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FDA regulation of mobile health apps: A prescription for growth?

BY Michael Johnsen

WHAT IT MEANS AND WHY IT’S IMPORTANT — What if Moore’s law — meaning the number of transistors per square inch on integrated circuits would double every two years — applied to healthcare applications? That actually was all the talk earlier this year at the TedMed conference, at least according to a blog written by Dave Copeland, a well-vetted business and technology journalist. One of the disincentives to the kind of robust healthcare app development that would exemplify Moore’s law expressed by TedMed attendees was regulation, as in the lack of regulation would "discourage risk-taking and innovation." 

(THE NEWS: Kaiser Health News: Legislation to be introduced to create new FDA office overseeing mobile health apps. For the full story, click here.)

So creating a new Food and Drug Administration division to regulate the development of mobile health apps might become the big boon in what has already become a big business.

The actual devices that will house those mobile health apps is increasing in penetration across all demographics. As of September 2012, 45% of American adults have a smartphone, according to statistics culled from Pew Internet and American Life Project. And half of U.S. adult cell phone owners now have apps on their phones.

According to Pew’s research, smartphones are particularly popular with young adults and those living in relatively higher income households; 66% of those ages 18 to 29 years own smartphones, and 68% of those living in households earning $75,000 also own them. And young adults tend to have higher-than-average levels of smartphone ownership regardless of income or educational attainment.

The future of how health care is delivered or monitored could be on the drawing board of an app developer even today. What do you think? How do you think an FDA commitment to regulating mobile health apps would impact the industry? Drop me a line at mcjohnsen@hotmail.com.

(To check out Copeland’s blog, click here.) 

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AccuDial introduces five APAP products featuring readily comprehensive weight-based dosing instructions

BY Michael Johnsen

PALM BEACH GARDENS, Fla. — AccuDial Pharmaceutical earlier this year introduced five SKUs across its Children’s AccuDial Acetaminophen Oral Suspension, featuring one of the only weight-based dosing acetaminophen products with an interactive, rotating label. The single-ingredient products, indicated to help reduce fever in children, are timely for the coming cough-cold season. Children’s AccuDial Acetaminophen Oral Suspension will retail for a suggested $4.99 and is available in five flavors: grape, dye-free cherry, cherry, bubble gum and strawberry.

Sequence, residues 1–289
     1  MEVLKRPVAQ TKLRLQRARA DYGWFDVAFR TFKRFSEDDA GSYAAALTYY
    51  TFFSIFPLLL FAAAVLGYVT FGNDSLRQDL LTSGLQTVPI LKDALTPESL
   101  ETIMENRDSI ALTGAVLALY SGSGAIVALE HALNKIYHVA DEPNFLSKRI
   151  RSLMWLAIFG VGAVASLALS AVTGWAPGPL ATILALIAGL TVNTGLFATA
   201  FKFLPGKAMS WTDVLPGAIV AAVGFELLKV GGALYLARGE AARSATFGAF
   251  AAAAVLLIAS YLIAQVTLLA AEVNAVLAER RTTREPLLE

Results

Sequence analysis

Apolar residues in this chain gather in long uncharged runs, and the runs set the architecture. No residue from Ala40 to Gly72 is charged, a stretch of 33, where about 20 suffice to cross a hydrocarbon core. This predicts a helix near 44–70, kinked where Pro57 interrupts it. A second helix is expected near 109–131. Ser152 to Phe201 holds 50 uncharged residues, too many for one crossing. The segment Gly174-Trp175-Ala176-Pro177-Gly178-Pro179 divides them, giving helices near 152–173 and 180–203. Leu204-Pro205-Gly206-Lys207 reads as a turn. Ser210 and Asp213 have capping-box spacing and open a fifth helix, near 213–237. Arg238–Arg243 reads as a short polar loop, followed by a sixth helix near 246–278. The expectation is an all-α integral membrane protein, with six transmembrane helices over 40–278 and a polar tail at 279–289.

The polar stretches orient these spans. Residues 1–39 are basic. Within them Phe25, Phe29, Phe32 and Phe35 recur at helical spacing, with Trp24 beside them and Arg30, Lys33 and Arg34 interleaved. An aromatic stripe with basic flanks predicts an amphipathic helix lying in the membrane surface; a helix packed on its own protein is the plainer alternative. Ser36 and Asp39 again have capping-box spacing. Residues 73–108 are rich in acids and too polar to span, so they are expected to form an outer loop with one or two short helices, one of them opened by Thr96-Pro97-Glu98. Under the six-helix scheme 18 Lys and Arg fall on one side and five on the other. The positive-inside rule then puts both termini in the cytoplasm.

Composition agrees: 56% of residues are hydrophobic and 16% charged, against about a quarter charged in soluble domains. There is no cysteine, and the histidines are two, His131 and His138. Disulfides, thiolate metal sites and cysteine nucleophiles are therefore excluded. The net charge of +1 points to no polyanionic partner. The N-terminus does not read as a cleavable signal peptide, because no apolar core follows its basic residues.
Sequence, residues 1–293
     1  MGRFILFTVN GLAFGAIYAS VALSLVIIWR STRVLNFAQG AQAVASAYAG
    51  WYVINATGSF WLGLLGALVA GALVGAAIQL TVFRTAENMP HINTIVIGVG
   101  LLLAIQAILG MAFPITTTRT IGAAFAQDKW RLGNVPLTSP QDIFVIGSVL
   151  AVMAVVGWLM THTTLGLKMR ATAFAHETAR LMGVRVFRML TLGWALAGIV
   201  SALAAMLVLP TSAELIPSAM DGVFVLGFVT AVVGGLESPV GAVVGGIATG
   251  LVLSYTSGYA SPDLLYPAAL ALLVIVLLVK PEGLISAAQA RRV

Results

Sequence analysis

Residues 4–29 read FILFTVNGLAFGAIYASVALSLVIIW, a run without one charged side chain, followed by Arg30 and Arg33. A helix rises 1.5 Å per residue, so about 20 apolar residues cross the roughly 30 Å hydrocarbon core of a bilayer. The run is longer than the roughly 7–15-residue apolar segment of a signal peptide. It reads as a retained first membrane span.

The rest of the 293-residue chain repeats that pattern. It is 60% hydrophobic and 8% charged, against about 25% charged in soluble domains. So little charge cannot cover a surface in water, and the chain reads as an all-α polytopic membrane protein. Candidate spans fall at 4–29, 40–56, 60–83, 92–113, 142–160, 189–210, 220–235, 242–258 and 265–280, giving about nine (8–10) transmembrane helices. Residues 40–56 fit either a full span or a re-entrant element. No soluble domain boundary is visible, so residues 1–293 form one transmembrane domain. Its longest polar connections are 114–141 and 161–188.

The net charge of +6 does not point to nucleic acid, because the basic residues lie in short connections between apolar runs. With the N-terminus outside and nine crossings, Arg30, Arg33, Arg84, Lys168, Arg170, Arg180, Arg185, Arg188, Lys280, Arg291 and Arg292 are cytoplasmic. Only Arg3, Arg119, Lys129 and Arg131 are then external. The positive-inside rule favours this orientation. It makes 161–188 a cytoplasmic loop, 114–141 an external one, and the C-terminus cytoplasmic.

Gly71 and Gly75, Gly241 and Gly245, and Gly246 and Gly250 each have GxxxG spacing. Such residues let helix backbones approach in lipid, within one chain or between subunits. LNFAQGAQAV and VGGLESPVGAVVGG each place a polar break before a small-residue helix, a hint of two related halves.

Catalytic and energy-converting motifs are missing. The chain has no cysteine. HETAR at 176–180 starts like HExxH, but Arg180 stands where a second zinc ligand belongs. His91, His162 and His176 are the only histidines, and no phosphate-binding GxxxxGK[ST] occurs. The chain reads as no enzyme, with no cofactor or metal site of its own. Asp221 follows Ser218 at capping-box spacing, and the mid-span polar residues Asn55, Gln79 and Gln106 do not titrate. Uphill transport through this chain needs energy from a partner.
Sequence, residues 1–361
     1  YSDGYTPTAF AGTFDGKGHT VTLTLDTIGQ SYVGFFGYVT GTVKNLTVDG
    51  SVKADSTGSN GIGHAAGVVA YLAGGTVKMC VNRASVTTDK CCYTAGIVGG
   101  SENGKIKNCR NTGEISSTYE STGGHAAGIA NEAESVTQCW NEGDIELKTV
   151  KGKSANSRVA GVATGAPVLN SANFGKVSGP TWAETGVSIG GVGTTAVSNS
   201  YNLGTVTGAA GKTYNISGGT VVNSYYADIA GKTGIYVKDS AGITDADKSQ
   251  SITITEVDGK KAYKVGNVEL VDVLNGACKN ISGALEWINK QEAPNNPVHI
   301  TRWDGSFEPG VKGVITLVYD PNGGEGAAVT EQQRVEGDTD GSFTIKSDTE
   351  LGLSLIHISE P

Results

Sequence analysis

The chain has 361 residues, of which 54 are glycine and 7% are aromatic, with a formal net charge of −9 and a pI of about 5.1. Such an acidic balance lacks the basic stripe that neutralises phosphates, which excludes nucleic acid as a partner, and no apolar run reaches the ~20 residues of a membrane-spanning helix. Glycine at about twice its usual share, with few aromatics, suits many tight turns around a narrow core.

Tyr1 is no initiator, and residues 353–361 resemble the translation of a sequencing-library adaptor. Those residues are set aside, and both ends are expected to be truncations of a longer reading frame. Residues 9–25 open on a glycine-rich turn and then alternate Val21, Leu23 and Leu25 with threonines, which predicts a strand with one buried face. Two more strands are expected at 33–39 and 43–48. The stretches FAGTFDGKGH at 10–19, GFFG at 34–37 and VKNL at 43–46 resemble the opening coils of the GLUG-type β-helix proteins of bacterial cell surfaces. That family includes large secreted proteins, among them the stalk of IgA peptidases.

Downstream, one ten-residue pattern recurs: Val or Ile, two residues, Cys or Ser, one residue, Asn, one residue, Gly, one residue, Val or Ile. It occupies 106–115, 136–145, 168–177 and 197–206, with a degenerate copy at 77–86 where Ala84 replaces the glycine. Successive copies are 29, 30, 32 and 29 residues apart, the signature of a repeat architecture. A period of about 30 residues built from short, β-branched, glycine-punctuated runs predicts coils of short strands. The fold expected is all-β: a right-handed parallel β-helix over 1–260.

AccuDial is set apart by its easy-to-use dosing system that helps parents consistently identify the proper dosing of acetaminophen. Parents dial their children’s weight in pounds and the label shows the most accurate dose of acetaminophen. This label technology takes the guess work out of dosing and helps reduce dosing errors. 

In a recent study conducted by Concentric Research, 97% of parents who used AccuDial were confident they administered the correct amount of medication.


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The growing convenient care industry continues to gain momentum

BY Antoinette Alexander

WHAT IT MEANS AND WHY IT’S IMPORTANT — Just as a new study emerged, putting a number against retail-based health clinics and indicating that the clinics are poised for strong growth in the coming years, southern Pennsylvania health insurer Independence Blue Cross announced that it is has added coverage for urgent care centers and retail health clinics, and developed a new Web tool to help members locate such facilities. This marks yet another boon for the convenient care industry, which is already experiencing some significant advancements so far in 2012.

Richard Snyder, IBC’s chief medical officer, said that retail-based health clinics and urgent care centers serve as convenient alternative for patients in need of prompt care for nonserious health threats and can help curb overcrowding at the emergency room. This is a point that DSN has stressed for quite some time, and it’s important to acknowledge that third-party payers continue to increasingly embrace the concept.

Not only do such facilities help ease overcrowding at the ER, but they also are very cost-efficient. Research has shown that care initiated at retail clinics is 30% to 40% cheaper than similar care at physician offices and approximately 80% cheaper than similar care at an ER.

Meanwhile, CVS Caremark’s MinuteClinic announced that it not only opened its first clinics in Cincinnati and Dayton, but is has also become an in-network provider with TriWest. TriWest is the Western region plan contractor for Tricare, the healthcare insurance program for Uniformed Service members, retirees and their families. Tricare provides healthcare insurance services to 2.9 million lives in the western region.

MinuteClinic has already contracted with Health Net (Tricare North region contractor) and Humana Military (Tricare South region contractor) and now offers care to Tricare members across the United States.

It’s clear that regardless of who is elected president and what happens to healthcare reform, the convenient care industry has proven the vital role that it plays in helping to keep Americans healthy.

What is your take on the news?

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